The Miracle Channel, a religious television station that has come under fire for its on-air fundraising campaigns, could lose its broadcast licence in the future if it doesn't follow new rules on how donations are solicited.
Federal regulators told the station yesterday they are considering a rare step that would see the Miracle Channel's right to broadcast linked to how well it abides by its own internal standards.
The cable channel, which raises more than $5-million a year, was ordered to revise its internal fundraising policy last year after controversial on-air statements led to complaints. Hosts during a 2004 fundraising campaign urged viewers to cash in their retirement savings and charge up credit cards to make donations. In some cases, viewers were told they would be rewarded by God with cash or higher real estate values.
At hearings in front of the Canadian Radio-television and Telecommunications Commission, the channel was told its new internal fundraising policy could be made a condition of its licence.
That would mean the station could lose its ability to broadcast if it steps outside the rules it set for itself, CRTC vice-chair Michel Arpin told executives with the Lethbridge, Alta.-based Miracle Channel.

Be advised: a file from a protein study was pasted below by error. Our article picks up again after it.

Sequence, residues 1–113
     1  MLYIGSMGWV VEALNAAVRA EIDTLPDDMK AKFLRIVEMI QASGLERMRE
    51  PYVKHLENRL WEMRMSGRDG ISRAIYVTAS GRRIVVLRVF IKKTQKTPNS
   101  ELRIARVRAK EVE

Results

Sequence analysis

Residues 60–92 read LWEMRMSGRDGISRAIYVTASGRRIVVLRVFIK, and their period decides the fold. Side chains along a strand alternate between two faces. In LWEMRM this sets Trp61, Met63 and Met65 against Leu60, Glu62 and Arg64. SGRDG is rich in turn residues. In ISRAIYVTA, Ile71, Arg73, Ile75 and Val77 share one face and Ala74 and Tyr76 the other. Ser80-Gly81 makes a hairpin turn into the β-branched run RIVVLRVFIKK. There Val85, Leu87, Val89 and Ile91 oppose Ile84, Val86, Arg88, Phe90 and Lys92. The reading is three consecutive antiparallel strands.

"We would not have difficulty accepting that as a condition of licence," said Gordon Klassen, vice-president of broadcasting for the Miracle Channel Association, which runs the station as a non-profit charity.
The channel's revised fundraising policy sets out examples of appropriate statements that can be made on air. Hosts are allowed to make comments such as: "We ask you to consider the best gift that you are able to pledge at this time." They are not allowed to say: "If you don't give today, you are robbing God and could go bankrupt."
The document also states "fundraising appeals must not create unrealistic donor expectations of what a donor's gift will actually accomplish." Allowable phrases include: "We believe that as you give, God will bless you in your area of need." The new policy does not allow statements such as: "Because you gave a gift of this amount, God says you will see your income double this month."
The station has applied to expand in Alberta, but the commission sought to address fundraising at the hearings. The channel wants to add over-the-air broadcasts in Edmonton and Calgary. The move would boost donations by roughly 15 per cent to a total of $50.2-million over the next seven years, according to station documents.